I’ve spent much of today reading obituaries for my friend, Dr. Tom Amberry, the world’s champion free throw shooter who made 2,750 in a row. I am pleased that the Los Angeles Times and the Washington Post both wrote their own accounts of Tom’s life. I wish my friend, who I called Dr. Tom, was here to see the warmth and admiration people felt for him.
I met Dr. Tom after reading in a local paper that he had shot free throws on the Letterman Show. At that time I was trying to break into sports biography writing. But when I read about Dr. Tom, I realized he must know something that would help me become a better golfer. I called him, and asked for his help. He said, “I can’t tell you anything about golf — but I can teach you to focus and concentrate.” I co-wrote the book Free Throw; 7 Steps to Success at the Free Throw Line published by HarperCollins in 1996.
I had many adventures with Dr. Tom over the last 20 years. Two stand out in my mind. I wrote an essay that earned Dr. Tom the KFC Colonel’s Way Award. Actor Tony Randall gave him a check for $10,000 and Tom flew away on a private jet with the vice president of Pepsi to do talk shows in New York. I got a check for $1,000 and, as Dr. Tom liked to kid me, “all the Kentucky fried chicken I could eat.” I flew home coach.
Another time, Tom was challenged to a free throw shootout at the Los Angeles Athletic club for a fund raiser. He was supposed to shoot against the great basketball player Bill Sharman but at the last minute they substituted then-Los Angeles Laker Joe Kleine, a 7-foot center.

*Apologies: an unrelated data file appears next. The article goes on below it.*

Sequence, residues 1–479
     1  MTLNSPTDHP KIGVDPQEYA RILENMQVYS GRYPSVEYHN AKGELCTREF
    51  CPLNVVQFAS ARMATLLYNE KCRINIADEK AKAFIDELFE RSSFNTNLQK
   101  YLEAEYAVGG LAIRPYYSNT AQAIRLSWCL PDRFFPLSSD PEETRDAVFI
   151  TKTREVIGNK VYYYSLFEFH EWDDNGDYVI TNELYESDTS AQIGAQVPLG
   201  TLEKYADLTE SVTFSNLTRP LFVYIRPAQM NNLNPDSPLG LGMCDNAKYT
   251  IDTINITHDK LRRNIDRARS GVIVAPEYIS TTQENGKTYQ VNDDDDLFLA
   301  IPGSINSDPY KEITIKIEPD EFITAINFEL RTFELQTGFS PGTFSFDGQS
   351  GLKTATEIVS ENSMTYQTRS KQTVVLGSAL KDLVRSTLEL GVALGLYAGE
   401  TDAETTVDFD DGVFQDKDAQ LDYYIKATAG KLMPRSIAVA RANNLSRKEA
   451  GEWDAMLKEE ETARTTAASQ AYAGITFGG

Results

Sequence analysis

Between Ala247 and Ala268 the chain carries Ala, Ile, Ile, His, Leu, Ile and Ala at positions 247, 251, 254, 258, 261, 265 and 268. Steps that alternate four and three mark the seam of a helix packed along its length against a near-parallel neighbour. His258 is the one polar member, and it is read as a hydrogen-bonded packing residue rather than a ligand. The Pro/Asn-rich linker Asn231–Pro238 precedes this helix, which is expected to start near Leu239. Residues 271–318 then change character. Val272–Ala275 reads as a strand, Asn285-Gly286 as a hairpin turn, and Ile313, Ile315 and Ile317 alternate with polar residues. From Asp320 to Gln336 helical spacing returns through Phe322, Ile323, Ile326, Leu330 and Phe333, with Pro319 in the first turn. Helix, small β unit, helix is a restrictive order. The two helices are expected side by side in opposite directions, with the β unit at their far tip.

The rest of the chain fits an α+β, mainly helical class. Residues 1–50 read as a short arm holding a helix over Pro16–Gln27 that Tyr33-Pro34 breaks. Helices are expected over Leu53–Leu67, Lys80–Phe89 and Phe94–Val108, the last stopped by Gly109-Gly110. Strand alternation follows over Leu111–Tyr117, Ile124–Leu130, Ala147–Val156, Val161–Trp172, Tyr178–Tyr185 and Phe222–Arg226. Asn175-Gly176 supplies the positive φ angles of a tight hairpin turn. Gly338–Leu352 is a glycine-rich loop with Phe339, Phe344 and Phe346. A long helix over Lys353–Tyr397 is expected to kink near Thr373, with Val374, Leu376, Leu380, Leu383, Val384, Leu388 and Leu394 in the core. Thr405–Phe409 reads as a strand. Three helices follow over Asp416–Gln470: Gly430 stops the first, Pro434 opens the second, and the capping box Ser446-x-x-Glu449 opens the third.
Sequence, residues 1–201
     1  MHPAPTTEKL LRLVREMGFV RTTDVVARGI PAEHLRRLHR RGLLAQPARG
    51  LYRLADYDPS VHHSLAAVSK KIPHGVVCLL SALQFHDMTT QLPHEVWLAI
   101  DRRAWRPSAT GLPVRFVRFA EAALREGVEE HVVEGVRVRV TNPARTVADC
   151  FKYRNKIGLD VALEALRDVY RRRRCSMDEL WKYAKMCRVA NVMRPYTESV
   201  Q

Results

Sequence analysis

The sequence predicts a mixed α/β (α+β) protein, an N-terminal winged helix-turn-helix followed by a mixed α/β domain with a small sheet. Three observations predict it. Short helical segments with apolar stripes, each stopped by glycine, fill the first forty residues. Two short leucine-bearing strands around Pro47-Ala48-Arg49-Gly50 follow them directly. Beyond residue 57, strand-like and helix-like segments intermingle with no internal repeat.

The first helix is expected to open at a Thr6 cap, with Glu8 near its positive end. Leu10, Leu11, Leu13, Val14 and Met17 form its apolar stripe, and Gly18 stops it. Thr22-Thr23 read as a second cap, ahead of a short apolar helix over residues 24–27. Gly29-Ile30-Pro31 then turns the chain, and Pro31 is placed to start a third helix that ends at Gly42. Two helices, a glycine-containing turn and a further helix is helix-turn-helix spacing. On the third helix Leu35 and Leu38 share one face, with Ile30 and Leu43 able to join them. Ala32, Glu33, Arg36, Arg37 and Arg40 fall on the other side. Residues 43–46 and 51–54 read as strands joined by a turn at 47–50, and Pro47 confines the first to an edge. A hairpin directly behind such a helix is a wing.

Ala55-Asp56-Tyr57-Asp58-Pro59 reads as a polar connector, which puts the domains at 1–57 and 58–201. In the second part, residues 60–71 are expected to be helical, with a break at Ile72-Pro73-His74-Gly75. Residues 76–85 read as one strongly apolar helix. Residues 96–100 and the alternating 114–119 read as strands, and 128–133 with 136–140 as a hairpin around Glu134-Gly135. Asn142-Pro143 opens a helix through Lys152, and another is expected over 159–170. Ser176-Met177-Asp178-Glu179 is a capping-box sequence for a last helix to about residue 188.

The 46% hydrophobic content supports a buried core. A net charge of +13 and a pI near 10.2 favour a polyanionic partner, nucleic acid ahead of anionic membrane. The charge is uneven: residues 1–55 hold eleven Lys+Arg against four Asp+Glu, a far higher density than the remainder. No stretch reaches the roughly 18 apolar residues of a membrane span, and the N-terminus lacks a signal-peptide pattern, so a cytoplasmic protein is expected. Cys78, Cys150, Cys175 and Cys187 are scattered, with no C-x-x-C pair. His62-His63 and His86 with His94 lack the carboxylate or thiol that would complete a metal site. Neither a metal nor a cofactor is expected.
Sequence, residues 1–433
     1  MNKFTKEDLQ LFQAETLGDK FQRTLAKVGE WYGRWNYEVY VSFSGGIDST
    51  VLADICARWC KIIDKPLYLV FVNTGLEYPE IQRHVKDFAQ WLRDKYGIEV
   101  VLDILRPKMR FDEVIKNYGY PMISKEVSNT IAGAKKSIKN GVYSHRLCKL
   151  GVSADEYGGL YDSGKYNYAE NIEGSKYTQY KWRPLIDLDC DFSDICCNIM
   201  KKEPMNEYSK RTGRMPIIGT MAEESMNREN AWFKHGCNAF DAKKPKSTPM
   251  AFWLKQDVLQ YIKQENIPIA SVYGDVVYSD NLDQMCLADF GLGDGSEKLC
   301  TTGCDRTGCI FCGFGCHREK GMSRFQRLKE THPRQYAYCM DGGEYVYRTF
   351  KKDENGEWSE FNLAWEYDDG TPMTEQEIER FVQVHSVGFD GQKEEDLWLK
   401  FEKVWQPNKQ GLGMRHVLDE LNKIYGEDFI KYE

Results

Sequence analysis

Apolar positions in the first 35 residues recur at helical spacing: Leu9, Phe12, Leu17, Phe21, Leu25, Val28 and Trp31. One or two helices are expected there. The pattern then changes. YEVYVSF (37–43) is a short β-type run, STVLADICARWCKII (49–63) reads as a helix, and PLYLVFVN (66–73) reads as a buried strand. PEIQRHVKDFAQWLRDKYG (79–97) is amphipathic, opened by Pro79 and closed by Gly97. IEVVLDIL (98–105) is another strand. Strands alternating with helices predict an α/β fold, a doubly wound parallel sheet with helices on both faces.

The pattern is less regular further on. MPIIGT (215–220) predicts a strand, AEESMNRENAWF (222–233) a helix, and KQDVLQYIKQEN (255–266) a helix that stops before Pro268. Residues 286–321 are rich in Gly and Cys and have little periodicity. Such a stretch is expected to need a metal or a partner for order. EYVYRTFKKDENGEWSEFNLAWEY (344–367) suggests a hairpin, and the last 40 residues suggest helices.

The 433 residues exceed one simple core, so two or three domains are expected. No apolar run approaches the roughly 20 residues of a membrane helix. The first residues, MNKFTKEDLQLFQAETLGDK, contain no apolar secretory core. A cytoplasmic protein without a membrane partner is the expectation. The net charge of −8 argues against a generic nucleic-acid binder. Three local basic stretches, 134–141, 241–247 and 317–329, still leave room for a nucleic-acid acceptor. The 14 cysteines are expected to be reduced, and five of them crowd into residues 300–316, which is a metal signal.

With hundreds of people watching from the running track above the basketball court, and a sports announcer barking out the count, Kleine sunk 23 out of 25 free throws. I was a little surprised he did so well and felt a bit nervous for my friend. But Dr. Tom stepped to the line and began drilling free throws with such certainty it was obvious he would make them all. Watching this, Kleine decided to do something unexpected. When Tom looked down to bounce the ball three times, Kleine slid behind the basket and, just as Dr. Tom looked up to shoot, he yelled and waved his arms. The ball hit the hoop and bounced out. The crowd gasped in horror as if they had just seen a murder.
Dr. Tom made the next free throw, and the next and was soon back in his rhythm. Kleine tried his distraction again but to no avail. Each of the remaining balls hit their mark and Dr. Tom finished with 24 out of 25 free throws, edging the NBA player by one.
These were impressive accomplishments, but being with Dr. Tom on a day-to-day basis was what I will miss most. Until the end he spoke with a North Dakota twang and had a playful, but corny, sense of humor. Most of all, he tried to connect with everyone he met, young or old, famous or unknown.
I will miss you Dr. Tom. I learned so much from your wonderful life. And I will remember what you often told me, “We are more limited by our beliefs than our abilities.”
Philip Reed, Long Beach, Calif., March 25, 2017